Russia’s central bank revoked medium-sized Moscow-based Master Bank’s license for “large-scale dubious operations,” suggesting the central bank may be planning a fuller crackdown on the country’s banks.

Master Bank is only Russia’s 41st-largest bank and holds about $1 billion in individual deposits, but it was a top-five ATM operator and a plastic card issuer, and one of President Vladimir Putin’s cousins is a member of Master Bank’s board.

The bank’s shutdown is the central bank’s most high-profile move since its first female governor, Elvira Nabiullina, took office in July.

Nabiullina said this week that Master Bank had a negative capital of about $61 million and was involved in illicit activities.

"The bank concealed its real condition, submitting substantially false reports," Nabiullina told the Duma, Russia’s lower house of parliament, on Wednesday. "The bank was involved in servicing the shadow sector of the economy, illegal transactions and repeated violations of money-laundering laws. We were forced to take this as last-resort measure."

The central bank has closed smaller banks on similar grounds in recent years, but Master Bank is the largest to have its license revoked since the crisis of 2009-2009.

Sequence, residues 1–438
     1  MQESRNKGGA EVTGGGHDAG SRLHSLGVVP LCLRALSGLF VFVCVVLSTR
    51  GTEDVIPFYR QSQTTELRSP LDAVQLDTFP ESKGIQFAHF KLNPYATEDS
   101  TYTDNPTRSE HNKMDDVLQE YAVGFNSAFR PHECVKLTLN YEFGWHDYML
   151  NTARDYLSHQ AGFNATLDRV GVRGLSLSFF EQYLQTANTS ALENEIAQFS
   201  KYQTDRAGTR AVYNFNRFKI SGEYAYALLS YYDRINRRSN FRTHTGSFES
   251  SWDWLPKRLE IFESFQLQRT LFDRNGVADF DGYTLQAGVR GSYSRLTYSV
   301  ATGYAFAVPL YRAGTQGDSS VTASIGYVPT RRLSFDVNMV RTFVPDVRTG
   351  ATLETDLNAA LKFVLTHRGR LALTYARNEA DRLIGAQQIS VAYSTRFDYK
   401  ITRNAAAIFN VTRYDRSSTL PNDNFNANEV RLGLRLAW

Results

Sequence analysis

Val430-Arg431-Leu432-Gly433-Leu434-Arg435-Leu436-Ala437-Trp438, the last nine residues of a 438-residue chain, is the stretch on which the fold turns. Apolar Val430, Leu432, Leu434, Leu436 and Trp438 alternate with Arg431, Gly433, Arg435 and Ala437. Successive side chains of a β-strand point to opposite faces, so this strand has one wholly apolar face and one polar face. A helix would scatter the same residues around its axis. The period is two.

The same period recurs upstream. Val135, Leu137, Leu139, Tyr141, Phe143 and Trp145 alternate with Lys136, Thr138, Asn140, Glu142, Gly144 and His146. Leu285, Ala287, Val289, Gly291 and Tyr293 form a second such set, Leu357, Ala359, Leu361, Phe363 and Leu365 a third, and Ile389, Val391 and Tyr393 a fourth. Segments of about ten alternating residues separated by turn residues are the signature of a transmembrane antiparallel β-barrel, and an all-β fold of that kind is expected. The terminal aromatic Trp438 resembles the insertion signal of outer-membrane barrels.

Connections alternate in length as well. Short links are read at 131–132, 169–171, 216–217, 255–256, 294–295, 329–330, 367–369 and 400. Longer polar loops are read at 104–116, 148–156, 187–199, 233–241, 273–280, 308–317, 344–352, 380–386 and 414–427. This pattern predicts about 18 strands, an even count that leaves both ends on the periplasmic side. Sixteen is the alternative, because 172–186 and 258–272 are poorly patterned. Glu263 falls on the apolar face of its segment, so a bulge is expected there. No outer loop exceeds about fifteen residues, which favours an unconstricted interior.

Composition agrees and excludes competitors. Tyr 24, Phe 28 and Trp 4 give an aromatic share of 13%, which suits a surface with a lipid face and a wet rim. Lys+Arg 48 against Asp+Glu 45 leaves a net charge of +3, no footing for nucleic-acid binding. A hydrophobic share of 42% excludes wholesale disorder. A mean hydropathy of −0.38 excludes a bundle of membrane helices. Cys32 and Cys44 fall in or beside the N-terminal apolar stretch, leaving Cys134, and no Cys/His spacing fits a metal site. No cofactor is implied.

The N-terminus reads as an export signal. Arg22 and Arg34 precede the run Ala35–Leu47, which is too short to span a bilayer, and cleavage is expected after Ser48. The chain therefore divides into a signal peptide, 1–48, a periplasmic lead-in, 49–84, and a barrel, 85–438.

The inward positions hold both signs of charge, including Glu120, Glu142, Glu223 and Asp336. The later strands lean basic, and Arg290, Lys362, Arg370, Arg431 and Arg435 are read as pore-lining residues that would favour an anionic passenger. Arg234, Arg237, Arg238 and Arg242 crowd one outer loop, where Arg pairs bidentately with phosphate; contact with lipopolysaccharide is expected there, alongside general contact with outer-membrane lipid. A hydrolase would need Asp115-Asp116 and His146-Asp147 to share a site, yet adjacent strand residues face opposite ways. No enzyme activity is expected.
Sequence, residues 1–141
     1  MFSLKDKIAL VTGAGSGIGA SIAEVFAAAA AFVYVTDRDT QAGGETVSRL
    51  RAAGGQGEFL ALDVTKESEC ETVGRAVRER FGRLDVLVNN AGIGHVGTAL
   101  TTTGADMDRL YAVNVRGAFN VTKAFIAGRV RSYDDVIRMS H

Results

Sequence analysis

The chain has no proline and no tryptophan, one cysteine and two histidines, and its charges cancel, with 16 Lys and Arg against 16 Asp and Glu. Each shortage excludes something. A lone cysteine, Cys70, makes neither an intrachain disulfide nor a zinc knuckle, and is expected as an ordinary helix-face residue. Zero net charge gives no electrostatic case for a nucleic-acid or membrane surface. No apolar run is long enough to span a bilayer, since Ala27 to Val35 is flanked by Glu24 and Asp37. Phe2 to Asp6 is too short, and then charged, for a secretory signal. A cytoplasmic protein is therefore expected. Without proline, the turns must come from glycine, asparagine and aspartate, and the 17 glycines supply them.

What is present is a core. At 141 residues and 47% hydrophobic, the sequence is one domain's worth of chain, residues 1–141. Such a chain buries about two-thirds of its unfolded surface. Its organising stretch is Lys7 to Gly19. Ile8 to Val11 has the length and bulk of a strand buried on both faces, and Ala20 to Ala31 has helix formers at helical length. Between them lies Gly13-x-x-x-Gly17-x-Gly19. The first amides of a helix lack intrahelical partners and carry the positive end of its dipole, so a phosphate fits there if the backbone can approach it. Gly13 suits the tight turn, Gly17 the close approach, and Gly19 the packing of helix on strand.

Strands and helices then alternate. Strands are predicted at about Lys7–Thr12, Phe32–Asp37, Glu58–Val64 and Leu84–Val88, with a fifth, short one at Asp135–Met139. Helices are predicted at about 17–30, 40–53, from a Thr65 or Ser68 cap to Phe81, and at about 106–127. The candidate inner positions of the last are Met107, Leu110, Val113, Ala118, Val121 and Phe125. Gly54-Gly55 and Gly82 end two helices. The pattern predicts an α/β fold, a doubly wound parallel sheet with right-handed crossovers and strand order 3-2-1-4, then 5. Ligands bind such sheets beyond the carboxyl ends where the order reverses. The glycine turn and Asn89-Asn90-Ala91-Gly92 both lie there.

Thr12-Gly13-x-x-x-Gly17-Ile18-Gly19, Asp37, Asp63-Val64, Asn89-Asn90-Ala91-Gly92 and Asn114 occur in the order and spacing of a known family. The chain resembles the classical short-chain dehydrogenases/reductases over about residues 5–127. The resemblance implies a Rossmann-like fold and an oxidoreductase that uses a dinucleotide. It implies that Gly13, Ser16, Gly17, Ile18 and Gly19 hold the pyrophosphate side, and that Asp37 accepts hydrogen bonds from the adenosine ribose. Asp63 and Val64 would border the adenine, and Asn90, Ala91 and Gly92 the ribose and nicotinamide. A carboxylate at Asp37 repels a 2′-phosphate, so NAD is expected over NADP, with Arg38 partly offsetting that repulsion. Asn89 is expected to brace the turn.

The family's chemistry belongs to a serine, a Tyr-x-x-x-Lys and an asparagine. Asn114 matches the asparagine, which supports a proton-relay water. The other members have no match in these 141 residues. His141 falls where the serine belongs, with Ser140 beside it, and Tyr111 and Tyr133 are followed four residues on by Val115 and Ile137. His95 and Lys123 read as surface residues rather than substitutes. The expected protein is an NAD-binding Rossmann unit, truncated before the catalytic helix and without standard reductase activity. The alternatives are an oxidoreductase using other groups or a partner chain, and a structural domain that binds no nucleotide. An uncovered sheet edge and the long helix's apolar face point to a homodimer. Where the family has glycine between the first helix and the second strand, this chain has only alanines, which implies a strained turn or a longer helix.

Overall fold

Russian police had been investigating Master Bank for the past year, according to the Wall Street Journal and Bloomberg.

A Livejournal blogger by the username dr_crisis wrote in March that “hundreds of Master Bank's armored trucks full of black market cash drive around Moscow ... Every morning there is a line of people at the bank's office on Pyatnitskaya with sacks for cash, and all this is happening in Moscow's plain sight."

Bankers who agreed with the blogger speculated that the government allowed Master Bank to operate because of its ties to Putin, Bloomberg reported. The president’s cousin Igor Putin worked at Master Bank as the vice president and then a board member. A Kremlin spokesman told the media that the cousin has no ties to the president other than his name. 

Nabiullina’s predecessor at the central bank, Sergei Ignatiev, said in a February speech that wide-scale money laundering plagued the Russian banking system.

A former central bank deputy governor, Sergei Aleksashenko, tweeted Wednesday that Master Bank was the result of Ignatyev’s 11 years of inaction in the field of bank supervision.